When it comes to fitness, I struggle with motivation. Considering a majority of my goals are related to the physical things I want to do in life, I shouldn’t. It should come easy. I want to run marathons, compete in a body building competition, be a fitness model, a rep for my favorite brand. They all involve being in shape, so it should be relatively easy to find that motivation, right?
Wrong. Unfortunately, I don’t have the ability to put 100% of my focus into fitness right now. We’re adopting, chasing a 3 year old, constant fundraising, trying to run multiple businesses, blogging. It’s hard to find the balance.
I have also decided that I’m going to start preparing to get my personal trainer certification. I’m hoping to take the exam this summer to be officially certified. But as I was studying earlier, I read and reread the section dedicated to helping trainers help their clients with motivation. I realized that, while these are excellent strategies to help others, I could also use these same strategies to help myself. In realizing that, I knew that I could create a plan to help both my readers and myself when we’re in a slump. So I’m going to share with you some tips and tricks on how to find the motivation to meet your fullest potential.
While in the process of writing this, I realized that there is just too much information to give you all at once. So this is going to be in a series. Stay tuned.
The most important thing to realize when starting anything new, be it fitness, an eating plan, or even a new job or trying to maintain a friendship, is that setbacks will happen. It’s inevitable. It’s a fact of life that it isn’t going to be perfect or go the way you want it to 100% of the time. This isn’t to discourage you, this is just to help you know that when setbacks do happen, you’re not a failure. It’s life.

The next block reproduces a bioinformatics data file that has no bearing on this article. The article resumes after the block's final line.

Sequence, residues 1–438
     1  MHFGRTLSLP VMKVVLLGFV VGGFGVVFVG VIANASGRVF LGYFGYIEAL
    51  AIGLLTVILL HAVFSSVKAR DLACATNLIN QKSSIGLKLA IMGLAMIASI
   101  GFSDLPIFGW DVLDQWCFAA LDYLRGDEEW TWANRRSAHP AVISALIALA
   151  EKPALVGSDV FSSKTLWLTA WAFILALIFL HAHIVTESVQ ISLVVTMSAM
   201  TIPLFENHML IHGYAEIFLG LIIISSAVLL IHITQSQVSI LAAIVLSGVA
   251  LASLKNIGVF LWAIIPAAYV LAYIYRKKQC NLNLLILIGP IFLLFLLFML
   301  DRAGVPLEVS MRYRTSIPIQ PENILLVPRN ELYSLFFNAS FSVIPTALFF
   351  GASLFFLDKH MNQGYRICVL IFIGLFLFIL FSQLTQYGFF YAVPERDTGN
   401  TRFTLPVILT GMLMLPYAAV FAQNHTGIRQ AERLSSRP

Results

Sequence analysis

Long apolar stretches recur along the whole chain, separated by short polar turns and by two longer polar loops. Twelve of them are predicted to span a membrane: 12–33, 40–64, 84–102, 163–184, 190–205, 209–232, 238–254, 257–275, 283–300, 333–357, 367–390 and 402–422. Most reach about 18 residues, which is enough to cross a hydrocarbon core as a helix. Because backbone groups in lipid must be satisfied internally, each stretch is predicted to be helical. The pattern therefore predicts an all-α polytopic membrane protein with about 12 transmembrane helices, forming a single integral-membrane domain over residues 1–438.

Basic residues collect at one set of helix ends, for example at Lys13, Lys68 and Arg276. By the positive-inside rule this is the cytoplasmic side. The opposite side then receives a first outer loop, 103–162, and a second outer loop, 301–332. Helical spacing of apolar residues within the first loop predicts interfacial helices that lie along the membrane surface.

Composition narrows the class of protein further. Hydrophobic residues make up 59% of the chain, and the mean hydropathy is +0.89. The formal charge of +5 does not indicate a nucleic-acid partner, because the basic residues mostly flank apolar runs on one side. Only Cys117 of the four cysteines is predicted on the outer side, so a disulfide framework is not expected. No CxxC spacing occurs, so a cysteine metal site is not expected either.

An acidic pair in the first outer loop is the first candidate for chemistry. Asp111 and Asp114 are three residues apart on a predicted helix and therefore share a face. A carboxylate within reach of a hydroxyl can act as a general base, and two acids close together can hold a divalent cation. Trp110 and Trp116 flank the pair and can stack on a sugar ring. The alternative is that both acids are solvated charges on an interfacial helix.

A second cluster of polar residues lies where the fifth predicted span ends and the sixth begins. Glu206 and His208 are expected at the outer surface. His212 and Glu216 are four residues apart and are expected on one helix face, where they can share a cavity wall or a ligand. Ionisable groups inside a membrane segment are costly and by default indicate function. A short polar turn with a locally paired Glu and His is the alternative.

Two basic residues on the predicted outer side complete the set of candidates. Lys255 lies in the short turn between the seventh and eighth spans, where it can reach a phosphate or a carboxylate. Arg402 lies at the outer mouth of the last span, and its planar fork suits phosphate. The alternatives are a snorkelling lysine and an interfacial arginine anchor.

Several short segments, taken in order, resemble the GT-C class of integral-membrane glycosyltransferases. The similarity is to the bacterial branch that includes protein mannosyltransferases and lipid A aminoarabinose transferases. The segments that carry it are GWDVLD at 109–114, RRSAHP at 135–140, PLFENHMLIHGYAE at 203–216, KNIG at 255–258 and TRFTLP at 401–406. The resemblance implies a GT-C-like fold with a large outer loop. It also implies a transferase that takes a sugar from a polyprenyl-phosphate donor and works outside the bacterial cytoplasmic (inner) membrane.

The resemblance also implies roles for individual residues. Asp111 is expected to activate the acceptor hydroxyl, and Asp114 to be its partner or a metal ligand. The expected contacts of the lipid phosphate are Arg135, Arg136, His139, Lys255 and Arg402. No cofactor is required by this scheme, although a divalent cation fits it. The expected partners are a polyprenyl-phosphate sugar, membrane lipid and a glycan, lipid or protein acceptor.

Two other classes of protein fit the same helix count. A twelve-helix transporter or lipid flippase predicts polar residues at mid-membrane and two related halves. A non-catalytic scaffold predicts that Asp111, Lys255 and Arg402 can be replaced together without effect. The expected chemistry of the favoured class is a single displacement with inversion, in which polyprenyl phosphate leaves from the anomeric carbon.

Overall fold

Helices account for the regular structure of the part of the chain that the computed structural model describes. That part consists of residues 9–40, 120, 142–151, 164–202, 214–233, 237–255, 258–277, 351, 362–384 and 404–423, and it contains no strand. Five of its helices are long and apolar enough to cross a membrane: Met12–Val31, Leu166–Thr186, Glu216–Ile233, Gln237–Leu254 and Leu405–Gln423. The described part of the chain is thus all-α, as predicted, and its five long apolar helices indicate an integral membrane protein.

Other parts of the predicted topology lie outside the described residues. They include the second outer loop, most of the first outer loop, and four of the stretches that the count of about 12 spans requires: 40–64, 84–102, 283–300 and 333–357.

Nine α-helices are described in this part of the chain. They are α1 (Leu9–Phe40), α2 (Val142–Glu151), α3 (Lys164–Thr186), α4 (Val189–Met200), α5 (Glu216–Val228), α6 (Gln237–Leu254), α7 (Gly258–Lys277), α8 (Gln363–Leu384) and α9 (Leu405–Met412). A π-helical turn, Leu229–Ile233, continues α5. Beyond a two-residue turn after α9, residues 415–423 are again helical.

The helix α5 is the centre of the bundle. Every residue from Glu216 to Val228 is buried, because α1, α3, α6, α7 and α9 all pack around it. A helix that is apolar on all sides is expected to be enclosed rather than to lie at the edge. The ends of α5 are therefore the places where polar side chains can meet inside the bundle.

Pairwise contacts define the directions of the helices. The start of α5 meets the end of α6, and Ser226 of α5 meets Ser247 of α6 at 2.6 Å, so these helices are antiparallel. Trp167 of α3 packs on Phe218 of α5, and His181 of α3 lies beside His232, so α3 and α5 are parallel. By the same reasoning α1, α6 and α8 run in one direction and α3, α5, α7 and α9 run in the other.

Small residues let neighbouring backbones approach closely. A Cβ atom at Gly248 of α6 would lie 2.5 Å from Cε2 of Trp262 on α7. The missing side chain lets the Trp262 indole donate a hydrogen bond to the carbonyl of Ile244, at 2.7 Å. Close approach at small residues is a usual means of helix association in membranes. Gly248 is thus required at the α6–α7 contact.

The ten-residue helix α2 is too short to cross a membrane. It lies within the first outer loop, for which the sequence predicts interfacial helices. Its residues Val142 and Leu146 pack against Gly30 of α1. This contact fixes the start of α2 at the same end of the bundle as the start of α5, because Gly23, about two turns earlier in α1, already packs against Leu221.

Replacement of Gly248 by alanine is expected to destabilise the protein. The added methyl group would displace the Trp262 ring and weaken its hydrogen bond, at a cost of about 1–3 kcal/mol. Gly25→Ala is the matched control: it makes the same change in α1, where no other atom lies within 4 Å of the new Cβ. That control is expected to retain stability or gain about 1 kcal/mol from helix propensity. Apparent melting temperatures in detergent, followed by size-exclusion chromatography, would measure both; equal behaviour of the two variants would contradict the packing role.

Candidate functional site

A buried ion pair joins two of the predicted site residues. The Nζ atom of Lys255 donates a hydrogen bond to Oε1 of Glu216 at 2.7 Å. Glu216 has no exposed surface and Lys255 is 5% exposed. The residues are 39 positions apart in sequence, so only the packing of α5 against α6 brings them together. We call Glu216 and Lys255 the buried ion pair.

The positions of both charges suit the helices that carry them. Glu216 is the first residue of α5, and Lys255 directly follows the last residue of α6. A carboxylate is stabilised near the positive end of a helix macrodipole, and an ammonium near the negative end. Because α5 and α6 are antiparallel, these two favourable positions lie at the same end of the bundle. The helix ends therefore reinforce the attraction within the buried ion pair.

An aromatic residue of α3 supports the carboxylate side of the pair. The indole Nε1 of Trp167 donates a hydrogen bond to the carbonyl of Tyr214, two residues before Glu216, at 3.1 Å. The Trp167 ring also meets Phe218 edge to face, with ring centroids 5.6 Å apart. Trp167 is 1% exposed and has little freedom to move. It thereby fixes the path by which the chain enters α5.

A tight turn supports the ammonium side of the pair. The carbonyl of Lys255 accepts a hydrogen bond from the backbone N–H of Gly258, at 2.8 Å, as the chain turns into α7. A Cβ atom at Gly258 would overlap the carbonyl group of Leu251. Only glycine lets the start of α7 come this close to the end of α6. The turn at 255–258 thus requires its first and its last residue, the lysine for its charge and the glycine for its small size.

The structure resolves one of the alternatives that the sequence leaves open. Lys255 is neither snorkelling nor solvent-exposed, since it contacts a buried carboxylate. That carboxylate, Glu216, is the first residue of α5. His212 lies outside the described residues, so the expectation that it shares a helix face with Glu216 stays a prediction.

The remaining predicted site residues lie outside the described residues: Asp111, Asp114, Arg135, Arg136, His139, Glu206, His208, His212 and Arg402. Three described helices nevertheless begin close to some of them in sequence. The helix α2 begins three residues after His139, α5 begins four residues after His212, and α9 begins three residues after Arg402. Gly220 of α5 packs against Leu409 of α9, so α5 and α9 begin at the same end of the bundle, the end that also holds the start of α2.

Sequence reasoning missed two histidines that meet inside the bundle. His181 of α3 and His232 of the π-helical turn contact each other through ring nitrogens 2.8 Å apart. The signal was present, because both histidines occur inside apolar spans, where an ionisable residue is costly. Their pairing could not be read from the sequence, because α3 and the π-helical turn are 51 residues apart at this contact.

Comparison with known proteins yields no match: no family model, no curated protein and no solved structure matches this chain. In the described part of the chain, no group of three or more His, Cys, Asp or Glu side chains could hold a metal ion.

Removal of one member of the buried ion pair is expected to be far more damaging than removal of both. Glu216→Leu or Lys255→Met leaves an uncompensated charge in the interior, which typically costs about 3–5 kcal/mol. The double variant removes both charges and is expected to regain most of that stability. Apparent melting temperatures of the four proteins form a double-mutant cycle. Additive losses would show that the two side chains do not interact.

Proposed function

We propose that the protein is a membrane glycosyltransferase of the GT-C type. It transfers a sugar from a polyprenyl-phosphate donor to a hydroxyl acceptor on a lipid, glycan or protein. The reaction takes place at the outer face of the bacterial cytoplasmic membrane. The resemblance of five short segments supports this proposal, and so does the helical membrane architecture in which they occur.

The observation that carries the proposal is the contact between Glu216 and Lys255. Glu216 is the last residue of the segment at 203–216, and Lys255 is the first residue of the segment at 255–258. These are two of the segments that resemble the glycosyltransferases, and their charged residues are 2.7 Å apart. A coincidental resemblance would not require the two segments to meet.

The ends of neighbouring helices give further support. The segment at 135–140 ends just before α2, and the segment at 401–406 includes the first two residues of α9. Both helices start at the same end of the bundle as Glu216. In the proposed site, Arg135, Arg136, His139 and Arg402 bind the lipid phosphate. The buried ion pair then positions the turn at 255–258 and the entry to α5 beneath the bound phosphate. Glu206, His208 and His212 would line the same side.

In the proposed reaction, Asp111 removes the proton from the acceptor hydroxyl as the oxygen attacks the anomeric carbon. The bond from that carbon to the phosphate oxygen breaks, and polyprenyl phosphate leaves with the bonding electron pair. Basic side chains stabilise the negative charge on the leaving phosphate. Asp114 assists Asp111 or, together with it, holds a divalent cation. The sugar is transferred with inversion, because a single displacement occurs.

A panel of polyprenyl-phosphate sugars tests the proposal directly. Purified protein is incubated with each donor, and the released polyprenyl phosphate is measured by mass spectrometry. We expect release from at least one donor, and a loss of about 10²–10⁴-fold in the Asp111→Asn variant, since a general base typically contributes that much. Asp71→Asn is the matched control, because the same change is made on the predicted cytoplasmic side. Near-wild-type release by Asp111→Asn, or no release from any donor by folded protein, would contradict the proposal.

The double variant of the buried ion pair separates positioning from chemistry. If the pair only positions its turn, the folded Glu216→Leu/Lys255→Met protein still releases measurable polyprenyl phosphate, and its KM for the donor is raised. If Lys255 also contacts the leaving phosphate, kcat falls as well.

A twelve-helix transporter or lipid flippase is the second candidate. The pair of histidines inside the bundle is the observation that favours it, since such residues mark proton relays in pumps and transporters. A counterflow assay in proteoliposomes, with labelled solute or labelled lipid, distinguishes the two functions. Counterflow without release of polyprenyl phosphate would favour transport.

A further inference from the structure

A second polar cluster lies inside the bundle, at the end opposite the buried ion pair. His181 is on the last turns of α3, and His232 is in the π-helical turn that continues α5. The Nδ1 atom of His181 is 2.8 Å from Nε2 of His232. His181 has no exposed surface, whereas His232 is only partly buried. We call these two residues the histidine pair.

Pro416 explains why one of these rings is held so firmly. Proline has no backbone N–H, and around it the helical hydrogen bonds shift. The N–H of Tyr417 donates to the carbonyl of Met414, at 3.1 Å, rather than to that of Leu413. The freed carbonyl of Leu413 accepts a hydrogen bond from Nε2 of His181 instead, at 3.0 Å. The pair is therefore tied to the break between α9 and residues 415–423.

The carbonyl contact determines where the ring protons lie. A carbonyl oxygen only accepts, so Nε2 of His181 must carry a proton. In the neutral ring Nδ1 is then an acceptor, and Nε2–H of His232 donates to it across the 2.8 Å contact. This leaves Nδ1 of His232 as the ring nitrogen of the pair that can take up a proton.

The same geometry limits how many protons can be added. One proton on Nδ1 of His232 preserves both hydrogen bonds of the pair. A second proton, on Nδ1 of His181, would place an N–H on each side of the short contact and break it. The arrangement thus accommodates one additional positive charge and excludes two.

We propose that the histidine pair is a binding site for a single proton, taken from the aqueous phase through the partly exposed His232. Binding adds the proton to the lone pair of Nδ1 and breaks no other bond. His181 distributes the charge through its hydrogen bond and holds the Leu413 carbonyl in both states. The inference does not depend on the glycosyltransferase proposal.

It doesn’t matter what happens to you, what matters is how you react to those things.
It’s important to have a plan and be prepared when those setbacks happen. If you go in blind, you won’t know how to handle yourself when your toddler gets sick or you get called into work on your day off. Sit down and make a list of everything that could possibly knock you off track. What will you do if your child is sick so you can’t take them to day care for your workout? What’s your back up plan if you have to work during your scheduled time at the gym? Maybe it’s making sure you bring your workout stuff with you in the car. Maybe you need to stock up on fitness DVDs and YouTube channels. The same goes for being invited to a work lunch where nothing is healthy. What will you do? How will you handle it?
I also want you to take it a step farther. How will you handle yourself when you screw up? While it’s important to stick to your program and not make screwing up a habit, it’s going to happen once in awhile. If you fall asleep before your nightly run, or sleep through your morning alarm to go lift, what are you going to do? What if you cave and grab ice cream on the way home?
Are you going to throw away all the work that you’ve done, say “screw it,” and end up eating the entirety of the frozen desserts section of the store? Or will you take a deep breath, and start over? I can tell you from first hand experience that it is so important to have a plan in place so you don’t absolutely lose your mind when things happen.
It is also super important to make sure that you’re realistic.
I have a terrible habit of deciding that I’m going to dedicate my life to a 4-hour a day workout program when in reality, I only have 30-60 minutes. It’s nothing to be ashamed of if you can’t live up to unrealistic expectations. But setting yourself up for failure right away isn’t going to get you anywhere.
If you’re new to exercising, don’t plan on going on a 2 hour run every day for a month. If you’ve never lifted before, don’t plan on doing supersets and complicated programs before becoming familiar with the equipment. Just be smart, and make sure your program and goals match up to what you can realistically do.
Really, this is just the beginning. While it may not seem like it, this topic is one that can easily go on for hours. But this is a very good start to get you on the right path. The next post will be about your social support, and the lack thereof.
The most important part in all of this is just to give yourself some grace. Yes, push yourself. Yes, set hard to reach goals. Yes, fight for it. Yes, be disciplined. But make sure that at the end of the day, you give yourself the credit you deserve for what you did accomplish.
Does motivation come easy for you? Do you struggle with it? Share some strategies that have worked for you.